Coffe Table: Bare Strength by Michael Stokes

As a photography major in the late 1980s, my professor taught me Ansel Adam’s zone system, and with painstaking precision he showed how Edward Weston’s seashells and artichoke hearts maintain detail in both highlight and shadow. I found these subjects boring, and in spite of my good grades, my professor seemed disappointed with my work.

Always he was more enthusiastic about what the student at the enlarger next to me was creating. I dropped out of the photography program and didn’t pick up a camera until fifteen years later. My passion for photographic images resurfaced when I took time off my job as a real estate agent and started collecting and selling vintage photographs. I first became fascinated with the oldest photos known — and perhaps because of the rarity or taboo, male nudes became an interest of mine. Studying turn of the century photography, I noticed a niche group of artists, Eakins, Galdi, and Von Gloeden, all specializing in the male form. Moving forward to the 1920s, I explored German naturism in photography, a celebration of both the male and female nude in public and private settings.

While the German Naturists staged nude photo shoots as public, social nudity, their American counterparts tended to separate males from females, setting them in private studios. Aside from rare examples of erotic photography, the American male nudes were often depicted in hero poses or as athletes, referencing Greek classics but often censored. Unfortunately, in some countries, from the time photography was invented and up until the 1950s, many photographers served jail time for producing and distributing male nude photos.

The 1940s were an interesting time for male figure study as a group of New York fashion photographers shot women’s fashion as a day job and in their free time photographed male nudes, most of which would remain private, unpublished and unknown for many years.

The 1950s were an era of bodybuilders and kitsch, and along with the help of postal inspectors, the FBI involved itself in destroying and suppressing male nude imagery. Photographer Bob Mizer photographed hundreds of men. His work evolved from the classic nude to narratives involving pieces of police uniforms and military attire. In Mizer’s living room, oiled and flexed men in sailor caps could often be found resting on plastic sheets next to fake Grecian urns or some other corny homage to the classics. To avoid trouble from nosy postal inspectors, most of his models covered their genitals with posing straps. In spite of that, the FBI monitored his home, which he shared with his mother, and he was eventually convicted of the distribution of obscene material through the mail. He served a nine-month prison term in a work camp.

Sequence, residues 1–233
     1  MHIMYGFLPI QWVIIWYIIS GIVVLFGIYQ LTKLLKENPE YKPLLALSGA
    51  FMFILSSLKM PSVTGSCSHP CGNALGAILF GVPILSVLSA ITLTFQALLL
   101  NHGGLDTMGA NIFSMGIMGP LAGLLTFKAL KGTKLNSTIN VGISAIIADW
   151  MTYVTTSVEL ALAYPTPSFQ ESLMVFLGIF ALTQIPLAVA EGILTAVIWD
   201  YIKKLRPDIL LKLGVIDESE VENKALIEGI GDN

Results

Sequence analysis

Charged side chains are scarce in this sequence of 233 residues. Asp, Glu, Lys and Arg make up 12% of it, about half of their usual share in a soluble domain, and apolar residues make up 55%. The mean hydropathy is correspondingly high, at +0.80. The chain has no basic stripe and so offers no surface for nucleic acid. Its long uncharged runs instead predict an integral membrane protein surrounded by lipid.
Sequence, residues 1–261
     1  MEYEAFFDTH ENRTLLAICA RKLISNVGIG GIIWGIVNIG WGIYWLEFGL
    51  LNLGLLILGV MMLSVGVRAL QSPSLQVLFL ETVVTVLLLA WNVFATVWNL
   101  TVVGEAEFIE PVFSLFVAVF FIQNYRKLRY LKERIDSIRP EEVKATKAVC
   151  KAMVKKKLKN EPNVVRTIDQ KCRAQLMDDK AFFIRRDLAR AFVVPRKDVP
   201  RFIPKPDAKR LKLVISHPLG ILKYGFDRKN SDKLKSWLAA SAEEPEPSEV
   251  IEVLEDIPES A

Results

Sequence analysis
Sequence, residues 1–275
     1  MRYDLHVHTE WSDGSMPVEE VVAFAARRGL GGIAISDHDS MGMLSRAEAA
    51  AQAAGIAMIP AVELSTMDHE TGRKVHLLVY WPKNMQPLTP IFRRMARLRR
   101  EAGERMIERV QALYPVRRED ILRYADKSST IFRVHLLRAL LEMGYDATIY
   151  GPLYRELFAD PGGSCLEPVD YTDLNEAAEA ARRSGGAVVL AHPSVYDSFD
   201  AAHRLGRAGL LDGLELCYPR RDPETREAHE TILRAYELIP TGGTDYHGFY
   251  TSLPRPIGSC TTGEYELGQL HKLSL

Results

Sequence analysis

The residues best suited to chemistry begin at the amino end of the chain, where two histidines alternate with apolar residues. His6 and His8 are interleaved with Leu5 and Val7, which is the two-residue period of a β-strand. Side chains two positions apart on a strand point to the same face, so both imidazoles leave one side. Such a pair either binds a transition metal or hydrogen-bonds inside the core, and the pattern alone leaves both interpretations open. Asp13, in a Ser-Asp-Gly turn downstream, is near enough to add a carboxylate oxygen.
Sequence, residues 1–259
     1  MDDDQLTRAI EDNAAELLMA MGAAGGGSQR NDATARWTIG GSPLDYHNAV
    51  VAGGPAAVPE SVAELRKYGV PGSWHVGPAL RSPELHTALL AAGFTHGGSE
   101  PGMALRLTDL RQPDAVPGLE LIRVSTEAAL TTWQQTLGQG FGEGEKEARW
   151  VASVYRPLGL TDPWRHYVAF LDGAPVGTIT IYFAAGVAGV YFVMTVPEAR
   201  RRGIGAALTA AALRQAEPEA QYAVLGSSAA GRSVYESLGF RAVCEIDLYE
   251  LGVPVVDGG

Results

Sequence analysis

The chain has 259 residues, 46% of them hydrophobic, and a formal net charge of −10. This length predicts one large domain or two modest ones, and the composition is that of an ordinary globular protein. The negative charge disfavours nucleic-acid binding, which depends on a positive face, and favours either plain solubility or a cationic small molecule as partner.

The controversy of the male nude in photographs continued forward, and as late as 1990, lawsuits were still being brought against people exhibiting the genre, one example being obscenity charges brought against The Contemporary Arts Center in Cincinnati for hosting a Robert Mapplethorpe exhibit. Even today, photographers are periodically banned from Facebook for posting male nudes while rules — or at least the implementation of rules — for the female equivalent are not as enforced. For example, my photo of Alex Minsky, which Jay Leno showed on The Tonight Show, was removed from Facebook and I was banned for 30 days. My image of a priest holding his shirt open was removed from Facebook, and I was again locked out of my account. Many of my Facebook followers were furious and many retaliated against Facebook by reporting similar images but in the female form. I recall one female image reported: a woman’s bare butt, so close up it filled the camera frame. Facebook would not remove it, but Facebook removed Alex Minsky, nude from the side, butt and genitals covered. Besides the obvious fear of homosexuality, what is it about the male nude that infuriates and angers people who otherwise are fine with the female nude?

Now I draw inspiration from our predecessors, and when my model asks me what he should wear, I say, “As little as possible.” I direct him to a bottle of oil, toss him a sailor cap, or hand him a police shirt found at the swap meet. If those don’t work, a discus bought on eBay not only implies “athlete” but also can be used to block out genitals making it supposedly safe for Facebook. Better yet, if the model has a motorcycle, then I am happy to wheel it into the studio or even place it on a white comforter.


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